• (November) EWTN Interview. CESJ’s Director of Research has been invited to appear on EWTN Live with Father Mitch Pacwa, S.J., to talk about his book, Ten Battles Every Catholic Should Know (2018).  The next day a segment of EWTN’s Bookmark with host Doug Keck will be taped.  EWTN — “Eternal Word Television Network” — is international in scope, and reaches 70 million households in the United States.  It is the largest religious media network in the world, and it claims to reach 250 million people in almost 150 countries.  The show — which is, of course, filmed live — is scheduled for January 8, 2020.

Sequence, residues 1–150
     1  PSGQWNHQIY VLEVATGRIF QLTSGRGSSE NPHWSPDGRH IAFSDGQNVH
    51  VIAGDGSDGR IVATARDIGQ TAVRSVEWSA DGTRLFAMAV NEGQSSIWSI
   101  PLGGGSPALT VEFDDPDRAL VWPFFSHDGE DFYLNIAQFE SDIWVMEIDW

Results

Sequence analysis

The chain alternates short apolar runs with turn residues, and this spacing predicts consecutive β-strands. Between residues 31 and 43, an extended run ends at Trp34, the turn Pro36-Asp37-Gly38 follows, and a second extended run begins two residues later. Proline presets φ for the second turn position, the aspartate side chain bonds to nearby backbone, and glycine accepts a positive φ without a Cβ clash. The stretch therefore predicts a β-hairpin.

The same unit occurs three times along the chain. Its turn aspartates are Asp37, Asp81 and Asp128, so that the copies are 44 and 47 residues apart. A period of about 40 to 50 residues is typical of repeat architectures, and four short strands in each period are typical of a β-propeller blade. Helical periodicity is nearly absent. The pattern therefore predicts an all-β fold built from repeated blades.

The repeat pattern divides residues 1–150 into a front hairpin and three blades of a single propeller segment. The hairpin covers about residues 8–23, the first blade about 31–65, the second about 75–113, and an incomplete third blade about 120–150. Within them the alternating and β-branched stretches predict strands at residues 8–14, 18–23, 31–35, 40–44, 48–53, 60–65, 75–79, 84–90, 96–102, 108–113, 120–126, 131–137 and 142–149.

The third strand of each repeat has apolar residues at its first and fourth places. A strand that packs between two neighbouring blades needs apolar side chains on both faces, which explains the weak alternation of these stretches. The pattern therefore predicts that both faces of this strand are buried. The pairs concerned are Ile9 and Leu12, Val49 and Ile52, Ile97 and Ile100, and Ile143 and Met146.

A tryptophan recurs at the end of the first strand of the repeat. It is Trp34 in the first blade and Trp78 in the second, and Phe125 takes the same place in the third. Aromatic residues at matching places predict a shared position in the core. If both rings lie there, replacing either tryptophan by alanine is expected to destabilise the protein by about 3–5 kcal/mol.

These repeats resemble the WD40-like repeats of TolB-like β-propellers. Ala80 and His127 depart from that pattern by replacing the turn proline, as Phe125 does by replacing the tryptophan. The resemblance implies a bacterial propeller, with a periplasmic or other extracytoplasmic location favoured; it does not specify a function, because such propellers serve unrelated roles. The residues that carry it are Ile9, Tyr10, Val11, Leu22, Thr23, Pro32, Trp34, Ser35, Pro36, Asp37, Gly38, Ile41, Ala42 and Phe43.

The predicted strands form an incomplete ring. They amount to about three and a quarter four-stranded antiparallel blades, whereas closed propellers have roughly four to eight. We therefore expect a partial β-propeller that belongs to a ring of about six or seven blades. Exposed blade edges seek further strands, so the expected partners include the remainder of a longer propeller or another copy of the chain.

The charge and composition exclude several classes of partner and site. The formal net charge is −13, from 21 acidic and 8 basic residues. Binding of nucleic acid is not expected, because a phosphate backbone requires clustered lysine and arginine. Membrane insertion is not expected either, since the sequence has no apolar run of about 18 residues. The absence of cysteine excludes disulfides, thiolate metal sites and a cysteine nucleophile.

• (November) Noriko Arai on a New Learning.  After seeing a short segment featuring Dr. Noriko Arai on Direct Talk (a show on NHK World, the Japanese public television channel), we did an internet search and found this “Ted Talk” by her presenting her findings from her “Todai Robot” and her concerns about current education.  In most countries today (although she was focusing primarily on Japan), students memorize vast amounts of data — which any computer can do better, e.g., “Watson” on the “Jeopardy Challenge” — but often fail to understand meaning, that is, they do not really comprehend what they “learn” in any meaningful sense.  Applying Dr. Arai’s findings to the difficulties experienced with getting people to accept the Just Third Way of Economic Personalism, we can suddenly understand why, when they are presented with (for example) the principles of binary economics as explained by Louis Kelso and Mortimer Adler, or the laws and characteristics of social justice as explained by Pope Pius XI and CESJ co-founder Father William Ferree, people either look blank, run away, or attack.  Confronted with something that is outside of their store of accumulated “knowledge” of the way things are that they have memorized, they do not have the intellectual tools they need to comprehend anything outside their current frame of reference.  It is not enough to demand that they tell us what is wrong with what we are saying.  “What’s wrong” as far as they are concerned is that the Just Third Way is simply incomprehensible to them and they necessarily react as they do to any other threat, triggering the “fight or flight” mechanism.  What needs to change — and change soon, as Dr. Arai noted — is how young people (and anyone else) are educated.  Without a Justice University to teach fundamental principles of reason and understanding from the earliest years, beginning with parents teaching their infants, the world is heading toward an intellectual Armageddon, not to exaggerate.